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OSU technologies funded for development
Date:5/14/2008

Stillwater, Okla.OSUs Technology Business Assessment Group will fund four faculty research projects for spring 2008. The group identified these one-year projects from a number of excellent proposals submitted in response to a solicitation earlier this spring. Funding for the program is administered by the OSU Office of Intellectual Property Management, and is generated by royalties from OSU-licensed technologies. These funded projects show a significant probability of having commercial success.

We are pleased that the OIPM royalty stream allowed us to hold yet another competition for the spring of 2008, Steve Price, director of OIPM, said. Its exciting to be able to continue the trend of developing OSU research into viable commercial products.

Created in 2005, TBAG funds projects in need of feasibility demonstration and/or prototype development for commercialization purposes. The group is comprised of private sector partners experienced in new product identification and new technology evaluation, representation from i2E, early-stage capital investors, bankers, representation from Meridian Technology Center for Business Development, the OSU Center for Innovation and Economic Development, the OSU Vice President for Research and Technology Transfer, the OSU Associate Vice President for Technology Development and OSU-Okmulgee.

The OSU research projects selected to receive more than $102,000 from TBAG this year include:

  • Heather Gappa-Fahlenkamp, Development of a 3D Human Tissue Model for Screening Potential Diabetic Macular Edema Therapeutics, School of Chemical Engineering. With a current 3D human tissue model made up of endothelial cells, the cells that line blood vessels, and collagen, the most abundant protein in tissue, Fahlenkamp has been able to mimic the interface between a blood vessel wall and the surrounding tissue to study the migration and differentiation of immune cells associated with diabetes. By using human retinal capillary endothelial cells within the tissue model, Fahlenkamp plans to develop a retinal angiogenesis model, which will be used to screen potential diabetic macular edema therapeutics. Charlesson LLC, an Oklahoma-based company already engaged in the development and preclinical testing of therapeutics for macular degeneration, is a collaborator on the project, and if the project is successful, would be a licensee.

  • Prabhakar R. Pagilla, A Fiber Optic Sensor for Measurement of Web Lateral Position and Flutter, School of Mechanical and Aerospace Engineering. Web is a term used to describe materials manufactured and processed in a continuous, flexible strip form. Examples include: plastics, paper, textiles, metals and films. Guiding of the web on rollers through processing machinery is essential for successful manufacturing of all web materials. In this project, Pagilla plans to develop and commercialize a fiber optic sensing device to measure the lateral position of a web. Current sensing devices use either infrared or ultrasonic technology, which Pagilla says give an indirect measurement of the web lateral position. The fiber optic sensor is based on light scattering from the web and the directional sensitivity of the optical fibers, which according to Pagilla will provide a true measurement of the web lateral position. Pagilla also intends to start a company based on this technology.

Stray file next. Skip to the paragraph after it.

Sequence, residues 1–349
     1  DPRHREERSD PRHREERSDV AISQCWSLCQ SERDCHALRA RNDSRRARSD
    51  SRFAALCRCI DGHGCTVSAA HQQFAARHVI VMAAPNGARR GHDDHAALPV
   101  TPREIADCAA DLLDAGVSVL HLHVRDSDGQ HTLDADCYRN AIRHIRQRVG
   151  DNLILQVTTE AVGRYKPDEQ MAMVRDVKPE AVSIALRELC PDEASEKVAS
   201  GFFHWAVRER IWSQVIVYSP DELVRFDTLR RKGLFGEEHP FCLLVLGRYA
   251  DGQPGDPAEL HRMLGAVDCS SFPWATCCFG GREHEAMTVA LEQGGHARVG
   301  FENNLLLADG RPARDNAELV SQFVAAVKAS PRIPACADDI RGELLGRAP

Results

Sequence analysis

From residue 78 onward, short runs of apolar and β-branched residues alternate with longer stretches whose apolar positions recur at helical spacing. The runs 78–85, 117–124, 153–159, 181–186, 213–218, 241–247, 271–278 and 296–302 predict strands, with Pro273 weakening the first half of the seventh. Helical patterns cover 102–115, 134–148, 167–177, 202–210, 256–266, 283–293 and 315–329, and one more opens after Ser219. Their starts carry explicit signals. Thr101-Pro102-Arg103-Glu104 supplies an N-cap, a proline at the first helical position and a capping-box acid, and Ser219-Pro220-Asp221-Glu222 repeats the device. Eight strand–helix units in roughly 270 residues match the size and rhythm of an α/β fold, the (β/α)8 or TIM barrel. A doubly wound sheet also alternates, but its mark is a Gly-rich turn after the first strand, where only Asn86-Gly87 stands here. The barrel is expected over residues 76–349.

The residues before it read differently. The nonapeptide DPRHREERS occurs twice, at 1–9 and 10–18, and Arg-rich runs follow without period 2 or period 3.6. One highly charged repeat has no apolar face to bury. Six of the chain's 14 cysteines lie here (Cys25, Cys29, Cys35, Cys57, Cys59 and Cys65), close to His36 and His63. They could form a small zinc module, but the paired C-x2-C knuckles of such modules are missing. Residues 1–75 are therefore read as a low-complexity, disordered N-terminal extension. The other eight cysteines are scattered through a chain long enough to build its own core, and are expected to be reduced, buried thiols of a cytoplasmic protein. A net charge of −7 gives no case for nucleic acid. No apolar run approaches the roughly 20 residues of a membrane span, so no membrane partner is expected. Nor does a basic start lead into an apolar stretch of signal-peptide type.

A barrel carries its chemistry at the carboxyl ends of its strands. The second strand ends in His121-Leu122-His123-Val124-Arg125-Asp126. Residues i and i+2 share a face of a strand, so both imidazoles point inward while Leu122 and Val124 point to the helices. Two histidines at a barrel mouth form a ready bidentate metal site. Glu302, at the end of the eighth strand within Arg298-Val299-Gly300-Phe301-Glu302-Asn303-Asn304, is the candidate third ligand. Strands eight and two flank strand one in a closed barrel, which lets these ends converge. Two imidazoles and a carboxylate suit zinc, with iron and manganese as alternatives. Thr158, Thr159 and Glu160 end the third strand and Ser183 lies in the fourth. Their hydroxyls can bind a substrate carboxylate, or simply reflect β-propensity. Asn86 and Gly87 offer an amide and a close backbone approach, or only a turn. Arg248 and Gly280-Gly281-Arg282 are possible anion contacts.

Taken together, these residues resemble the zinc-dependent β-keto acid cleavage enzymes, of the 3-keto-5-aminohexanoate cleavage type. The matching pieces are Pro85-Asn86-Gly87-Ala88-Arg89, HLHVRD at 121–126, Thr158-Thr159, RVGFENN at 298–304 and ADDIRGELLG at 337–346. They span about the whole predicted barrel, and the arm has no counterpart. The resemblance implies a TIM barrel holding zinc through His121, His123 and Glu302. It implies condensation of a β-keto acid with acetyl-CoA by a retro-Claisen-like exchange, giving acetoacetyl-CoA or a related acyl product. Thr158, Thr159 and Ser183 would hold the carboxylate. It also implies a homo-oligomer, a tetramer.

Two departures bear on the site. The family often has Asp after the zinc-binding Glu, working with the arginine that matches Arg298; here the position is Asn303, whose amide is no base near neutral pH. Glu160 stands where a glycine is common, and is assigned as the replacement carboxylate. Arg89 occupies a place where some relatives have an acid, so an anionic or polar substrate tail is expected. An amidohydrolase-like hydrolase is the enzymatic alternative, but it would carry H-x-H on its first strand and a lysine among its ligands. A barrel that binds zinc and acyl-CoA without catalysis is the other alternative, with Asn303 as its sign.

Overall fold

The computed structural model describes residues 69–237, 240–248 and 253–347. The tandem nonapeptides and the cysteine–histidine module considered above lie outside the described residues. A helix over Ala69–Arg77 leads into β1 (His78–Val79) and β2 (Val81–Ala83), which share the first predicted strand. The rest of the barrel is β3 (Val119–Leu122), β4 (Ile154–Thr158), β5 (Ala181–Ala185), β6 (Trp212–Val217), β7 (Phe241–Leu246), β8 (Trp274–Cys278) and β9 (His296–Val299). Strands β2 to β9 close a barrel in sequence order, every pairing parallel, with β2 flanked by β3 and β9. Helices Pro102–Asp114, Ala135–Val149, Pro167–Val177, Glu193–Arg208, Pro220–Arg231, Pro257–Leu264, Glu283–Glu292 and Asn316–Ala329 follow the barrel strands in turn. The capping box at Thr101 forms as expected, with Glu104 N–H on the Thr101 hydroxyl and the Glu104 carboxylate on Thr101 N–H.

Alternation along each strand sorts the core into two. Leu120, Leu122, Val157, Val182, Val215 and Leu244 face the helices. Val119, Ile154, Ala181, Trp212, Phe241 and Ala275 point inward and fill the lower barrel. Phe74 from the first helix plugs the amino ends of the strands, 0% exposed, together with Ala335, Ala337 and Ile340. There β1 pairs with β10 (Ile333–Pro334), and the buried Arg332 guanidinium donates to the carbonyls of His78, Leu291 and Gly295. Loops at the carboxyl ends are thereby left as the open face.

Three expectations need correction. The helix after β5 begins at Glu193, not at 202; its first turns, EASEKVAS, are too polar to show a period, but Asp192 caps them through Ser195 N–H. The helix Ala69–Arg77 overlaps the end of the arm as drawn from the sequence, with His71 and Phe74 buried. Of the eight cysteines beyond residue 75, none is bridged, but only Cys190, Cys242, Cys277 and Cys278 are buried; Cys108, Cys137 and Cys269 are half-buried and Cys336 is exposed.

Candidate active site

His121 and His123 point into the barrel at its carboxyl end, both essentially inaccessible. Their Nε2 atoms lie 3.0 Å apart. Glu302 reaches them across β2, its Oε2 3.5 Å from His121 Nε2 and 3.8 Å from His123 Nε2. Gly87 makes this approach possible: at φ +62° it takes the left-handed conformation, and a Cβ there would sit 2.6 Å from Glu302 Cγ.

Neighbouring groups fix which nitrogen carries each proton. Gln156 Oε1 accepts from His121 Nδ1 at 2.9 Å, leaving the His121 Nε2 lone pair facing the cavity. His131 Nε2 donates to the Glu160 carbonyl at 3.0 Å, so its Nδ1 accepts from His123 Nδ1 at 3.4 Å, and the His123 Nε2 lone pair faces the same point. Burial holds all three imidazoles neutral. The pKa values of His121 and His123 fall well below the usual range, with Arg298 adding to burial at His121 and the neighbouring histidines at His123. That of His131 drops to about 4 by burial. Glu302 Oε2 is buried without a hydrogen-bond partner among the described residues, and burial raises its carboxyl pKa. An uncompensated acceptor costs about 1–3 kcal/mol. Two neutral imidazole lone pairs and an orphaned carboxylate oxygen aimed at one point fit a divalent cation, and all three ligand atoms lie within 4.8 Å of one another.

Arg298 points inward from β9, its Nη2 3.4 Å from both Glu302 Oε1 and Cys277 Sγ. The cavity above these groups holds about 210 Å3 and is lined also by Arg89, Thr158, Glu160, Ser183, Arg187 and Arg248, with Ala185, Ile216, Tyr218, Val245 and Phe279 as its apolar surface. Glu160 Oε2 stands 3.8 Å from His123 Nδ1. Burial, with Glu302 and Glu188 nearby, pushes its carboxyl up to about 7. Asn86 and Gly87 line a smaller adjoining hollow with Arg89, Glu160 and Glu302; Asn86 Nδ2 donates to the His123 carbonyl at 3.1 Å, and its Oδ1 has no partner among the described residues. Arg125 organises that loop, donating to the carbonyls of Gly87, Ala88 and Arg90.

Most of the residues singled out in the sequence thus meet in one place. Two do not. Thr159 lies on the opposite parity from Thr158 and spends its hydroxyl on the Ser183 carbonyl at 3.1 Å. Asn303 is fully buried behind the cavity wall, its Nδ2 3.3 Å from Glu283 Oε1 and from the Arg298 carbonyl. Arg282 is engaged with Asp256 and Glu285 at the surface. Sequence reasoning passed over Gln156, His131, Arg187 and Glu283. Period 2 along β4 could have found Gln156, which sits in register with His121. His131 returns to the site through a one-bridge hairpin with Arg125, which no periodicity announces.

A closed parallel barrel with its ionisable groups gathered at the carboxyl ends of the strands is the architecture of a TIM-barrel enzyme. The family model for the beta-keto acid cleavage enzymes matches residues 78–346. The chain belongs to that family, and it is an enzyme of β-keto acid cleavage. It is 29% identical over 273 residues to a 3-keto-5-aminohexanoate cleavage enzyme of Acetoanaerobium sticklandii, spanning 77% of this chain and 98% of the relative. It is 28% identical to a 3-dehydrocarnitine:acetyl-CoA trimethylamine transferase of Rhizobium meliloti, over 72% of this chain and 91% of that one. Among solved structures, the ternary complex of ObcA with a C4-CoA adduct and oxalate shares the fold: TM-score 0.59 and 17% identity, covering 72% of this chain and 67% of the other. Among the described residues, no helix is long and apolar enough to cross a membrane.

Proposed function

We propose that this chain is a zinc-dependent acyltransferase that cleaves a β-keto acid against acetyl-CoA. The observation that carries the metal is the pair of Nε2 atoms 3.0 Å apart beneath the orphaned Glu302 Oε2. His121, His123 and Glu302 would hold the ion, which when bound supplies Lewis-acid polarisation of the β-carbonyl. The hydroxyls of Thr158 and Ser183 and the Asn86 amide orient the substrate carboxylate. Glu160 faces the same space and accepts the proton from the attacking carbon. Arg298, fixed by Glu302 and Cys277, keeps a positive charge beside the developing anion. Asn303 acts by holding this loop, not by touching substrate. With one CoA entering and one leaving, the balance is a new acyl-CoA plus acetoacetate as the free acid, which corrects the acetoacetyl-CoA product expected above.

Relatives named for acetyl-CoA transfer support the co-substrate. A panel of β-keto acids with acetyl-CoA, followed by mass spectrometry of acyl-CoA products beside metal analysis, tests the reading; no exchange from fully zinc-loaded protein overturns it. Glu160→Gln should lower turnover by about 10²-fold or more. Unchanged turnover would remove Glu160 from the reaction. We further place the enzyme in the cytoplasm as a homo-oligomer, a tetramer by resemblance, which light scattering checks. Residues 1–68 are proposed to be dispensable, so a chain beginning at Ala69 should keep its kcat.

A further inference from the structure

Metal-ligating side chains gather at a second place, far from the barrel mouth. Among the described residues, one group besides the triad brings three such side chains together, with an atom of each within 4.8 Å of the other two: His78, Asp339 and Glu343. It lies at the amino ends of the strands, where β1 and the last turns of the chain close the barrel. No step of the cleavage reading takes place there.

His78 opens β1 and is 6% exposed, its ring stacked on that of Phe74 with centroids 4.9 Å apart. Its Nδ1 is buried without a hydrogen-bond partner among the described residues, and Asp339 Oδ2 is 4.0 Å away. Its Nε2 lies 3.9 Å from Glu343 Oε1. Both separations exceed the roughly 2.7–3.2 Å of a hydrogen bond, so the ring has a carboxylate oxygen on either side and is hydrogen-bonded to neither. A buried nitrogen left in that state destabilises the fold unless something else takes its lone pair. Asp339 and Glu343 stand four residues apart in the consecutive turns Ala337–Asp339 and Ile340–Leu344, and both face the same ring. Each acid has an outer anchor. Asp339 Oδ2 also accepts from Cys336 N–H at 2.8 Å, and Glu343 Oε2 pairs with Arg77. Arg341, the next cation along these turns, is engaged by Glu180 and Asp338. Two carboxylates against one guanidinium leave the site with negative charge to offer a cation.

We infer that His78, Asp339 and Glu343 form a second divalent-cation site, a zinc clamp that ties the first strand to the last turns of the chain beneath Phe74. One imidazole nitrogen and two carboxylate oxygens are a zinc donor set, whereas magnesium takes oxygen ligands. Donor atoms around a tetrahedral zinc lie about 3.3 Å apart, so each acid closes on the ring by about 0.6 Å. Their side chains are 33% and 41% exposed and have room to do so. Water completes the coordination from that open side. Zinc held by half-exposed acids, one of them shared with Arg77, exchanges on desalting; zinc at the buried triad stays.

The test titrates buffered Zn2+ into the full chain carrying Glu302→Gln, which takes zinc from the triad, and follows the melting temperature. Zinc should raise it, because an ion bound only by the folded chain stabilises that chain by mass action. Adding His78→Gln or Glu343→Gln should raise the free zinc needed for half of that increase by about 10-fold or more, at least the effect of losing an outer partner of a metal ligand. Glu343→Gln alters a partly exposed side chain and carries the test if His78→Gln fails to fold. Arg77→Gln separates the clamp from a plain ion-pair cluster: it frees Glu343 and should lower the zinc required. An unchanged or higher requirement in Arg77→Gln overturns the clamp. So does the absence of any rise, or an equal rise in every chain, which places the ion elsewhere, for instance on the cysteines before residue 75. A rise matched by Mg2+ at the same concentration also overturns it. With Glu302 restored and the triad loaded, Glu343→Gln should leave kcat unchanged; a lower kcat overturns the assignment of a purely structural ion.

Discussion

• Rathindra Sarathy, Developing Data Protection Software Based on Data Shuffling, Spears School of Business. Data shuffling is a method developed by Sarathy that rearranges confidential information from data sets in a complex, coordinated fashion so that it maintains confidentiality. In this project, Sarathy will work with his research collaborator at the University of Kentucky to develop the data shuffling method into a marketable software program. The need for data masking methods has increased with the advent of technologies like the Internet and data mining tools that pose substantial threats to privacy, Sarathy said. Commercial organizations, government agencies and healthcare institutions need ways to analyze and/or disseminate confidential information in a safe way. Unlike adding noise, another method for masking, the shuffled data looks natural making it appear more reasonable to users. After development is complete, Sarathy plans to create a spin-off company housed in Stillwater to manufacture the software program.

  • Raman P. Singh and Ranji Vaidyanathan, Recycled Rubber Composites for Aerospace, Defense, and Infrastructure Applications, School of Mechanical and Aerospace Engineering. Singh and Vaidyanathan will utilize rubber from discarded tires to create sandwich-core composite laminates. The lightweight, load bearing composites will be able to absorb acoustic noise and vibration and provide protection from blast loading. Currently, used tires are employed in basic applications like burning fuel for cement kilns and crumb rubber for molded products. The researchers assert this proposed application would greatly extend the use of crumb rubber by enabling its use in advanced engineering structures. In this project, they plan to conduct feasibility tests, prepare demonstration panels and generate basis data on the mechanical and acoustic properties.


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Contact: Kelly Green
kelly.green@okstate.edu
405-744-5827
Oklahoma State University
Source:Eurekalert

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